La prensa

20 years of improving South San Diego County

Created: 24 July, 2009
Updated: 13 September, 2023
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5 min read

CV.third.avenue
Historical Third Avenue in Chula Vista. Photo provided by EDC.

 In 20 years, South San Diego County has seen tremendous growth and development.

 Eastern Chula Vista has seen the expansion of residential communities in East Lake and Otay Ranch. The Olympic Training Center opened. There have been major enhancements to the U.S./Mexico border crossings. New roads have opened, such as State Route 125.

 All of these important achievements in the area are in part the result of involvement of a nonprofit organization committed to the improvement of this dynamic region.

 This week the South County Economic Development Council (South County EDC) is celebrating 20 years of serving southern San Diego County, at the same time that it commemorates the region’s achievements in the last two decades.

 Formed in 1989 by a group of business and community leaders who wanted to improve and boost the economy and quality of life in the area, the South County EDC has evolved into a key player in the decision-making and planning of the area’s economic and social development.

A new Third Avenue in Chula Vista with the help of EDC.
A new Third Avenue in Chula Vista with the help of EDC.

 In 20 years, the nonprofit organization has worked in many projects that have resulted in progress for the region, including assisting major companies in opening facilities here, such as the 13,000 square foot FedEx distribution facility opening in October in Otay Mesa.

 “We have come a long way. Twenty years ago, Otay Mesa was a farmland growing tomatoes, while Otay Ranch was horse country. Today, they are modern, developed communities housing both commercial and residential properties which are shining reflections of the entire South County region,” said Congressman and founding South County EDC member Brian Bilbray. “I am proud of what the South County EDC has been able to accomplish and the possibilities are limitless for continued accomplishments over the next 20 years.”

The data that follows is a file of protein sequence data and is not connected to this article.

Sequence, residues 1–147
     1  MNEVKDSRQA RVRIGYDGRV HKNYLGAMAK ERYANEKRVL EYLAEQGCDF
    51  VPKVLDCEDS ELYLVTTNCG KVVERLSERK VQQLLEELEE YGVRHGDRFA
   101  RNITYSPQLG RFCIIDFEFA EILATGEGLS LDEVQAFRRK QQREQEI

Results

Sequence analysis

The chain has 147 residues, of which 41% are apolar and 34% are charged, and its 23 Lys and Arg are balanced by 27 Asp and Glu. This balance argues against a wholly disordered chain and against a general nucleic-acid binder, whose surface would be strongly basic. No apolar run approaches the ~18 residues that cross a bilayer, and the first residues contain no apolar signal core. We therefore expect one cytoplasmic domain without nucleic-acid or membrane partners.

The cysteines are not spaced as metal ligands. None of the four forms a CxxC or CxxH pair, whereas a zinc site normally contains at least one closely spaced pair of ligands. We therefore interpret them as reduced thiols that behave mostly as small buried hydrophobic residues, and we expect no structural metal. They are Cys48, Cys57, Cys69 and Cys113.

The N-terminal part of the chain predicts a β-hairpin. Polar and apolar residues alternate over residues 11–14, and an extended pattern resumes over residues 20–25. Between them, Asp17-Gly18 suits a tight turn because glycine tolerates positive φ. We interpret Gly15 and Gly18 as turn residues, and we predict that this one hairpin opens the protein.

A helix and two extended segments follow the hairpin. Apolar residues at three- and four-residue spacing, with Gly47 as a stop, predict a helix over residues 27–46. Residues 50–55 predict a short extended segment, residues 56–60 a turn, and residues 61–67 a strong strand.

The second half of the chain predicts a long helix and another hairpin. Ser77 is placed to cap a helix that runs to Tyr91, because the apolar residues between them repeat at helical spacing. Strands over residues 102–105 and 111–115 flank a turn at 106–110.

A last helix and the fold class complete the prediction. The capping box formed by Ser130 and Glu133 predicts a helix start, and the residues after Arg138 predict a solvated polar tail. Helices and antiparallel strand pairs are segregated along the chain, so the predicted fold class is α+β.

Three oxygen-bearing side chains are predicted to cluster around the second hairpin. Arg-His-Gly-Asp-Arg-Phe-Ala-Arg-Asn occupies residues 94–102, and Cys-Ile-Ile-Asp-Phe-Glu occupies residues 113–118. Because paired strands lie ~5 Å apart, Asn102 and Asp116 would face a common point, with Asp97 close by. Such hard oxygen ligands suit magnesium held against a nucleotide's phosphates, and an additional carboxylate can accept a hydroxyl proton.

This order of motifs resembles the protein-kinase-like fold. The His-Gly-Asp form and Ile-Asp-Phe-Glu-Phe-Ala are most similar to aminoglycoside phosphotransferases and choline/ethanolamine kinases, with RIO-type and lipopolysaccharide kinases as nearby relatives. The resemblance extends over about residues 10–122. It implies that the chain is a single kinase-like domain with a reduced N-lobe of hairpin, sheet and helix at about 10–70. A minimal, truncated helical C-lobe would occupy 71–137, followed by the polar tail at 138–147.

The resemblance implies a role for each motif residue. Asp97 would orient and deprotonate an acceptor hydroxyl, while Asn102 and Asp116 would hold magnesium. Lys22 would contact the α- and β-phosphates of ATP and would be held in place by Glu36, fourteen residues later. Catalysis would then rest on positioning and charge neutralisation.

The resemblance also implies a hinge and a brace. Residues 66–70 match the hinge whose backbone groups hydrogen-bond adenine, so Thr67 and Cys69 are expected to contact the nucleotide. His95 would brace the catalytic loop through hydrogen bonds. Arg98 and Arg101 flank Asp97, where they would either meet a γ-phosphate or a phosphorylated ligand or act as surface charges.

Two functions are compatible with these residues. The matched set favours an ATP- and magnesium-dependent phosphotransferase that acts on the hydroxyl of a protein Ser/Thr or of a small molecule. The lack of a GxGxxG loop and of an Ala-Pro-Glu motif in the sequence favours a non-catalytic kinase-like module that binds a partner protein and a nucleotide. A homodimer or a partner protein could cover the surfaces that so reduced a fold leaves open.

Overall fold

San Diego County Supervisor Greg Cox was very involved in the beginnings of the South County EDC. He was mayor of Chula Vista at the time, and he credits the organization for a lot of the development that has taken place in the city and the rest of the south county.

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 “Participation and involvement of the business sector has grown dramatically,” Cox said. “South County EDC has evolved into a well-respected organization and incredible source of information on business development opportunities in South County. It has been truly gratifying to look back over the last twenty years and see the progress that has been made, not only in South County, but also in the role and the stature of the South County EDC.”

 The South County EDC also considers Baja California part of the economic region, and thus, has worked to improve business relationships south of the border.

 “Our most impressive accomplishment over the past 20 years is reflected in our improved social and economic relationship with our sister city of Tijuana ,” said South County EDC founding member, Joe Ellis. “We have bridged border communication and cooperation at every level and as a result, are seeing few differences between us. We are beginning to see our immediate social and economic community stretching as far south as the port of Ensenada.”

 One of the key issues the South County EDC is working right now is the reduction of wait times on both directions at the border.

 For Cindy Gompper-Graves, South County EDC chief executive officer, the celebration of 20 years of service to the region is also a way to look into the future.

 “It’s a time of reflection and a call of action,” she said. “The South County EDC is probably the only organization where you can get an entire overview of what’s happening in South County. Our members have a passion for what happens here.”

 Currently the South County EDC has 350 companies as members. Funding comes from member fees, grants, and fundraising events.

 “The caliber of our members is so great,” Gompper-Graves said. “The energy these businesspeople put into the organization is amazing.”

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 One of those businesspeople who have invested a lot of time into the South County EDC since its founding is Tony McCune, of McCune Chrysler/Jeep/Dodge. He has been with the organization since 1989 and he’s one of the most active members, currently serving in its transportation committee.

 “The South County EDC means a lot to me,” he said. “It has been a very important body to help the economy of South County. I think all the members who have participated in our efforts should be recognized because all of these people donate their time and expertise. They do it because they care about the future of the South County.”

 McCune added that under  the leadership of Gompper-Graves the South County EDC has evolved into a major organization.

 “She has taken the South County EDC to the next level,” he said.

 Gompper-Graves said that there’s lots to do for the next 20 years in South County. Among the organizations’ goals are to help reduce border wait-times, create more economic opportunities, and the implementation of the Cross Border Airport Terminal in Otay Mesa.

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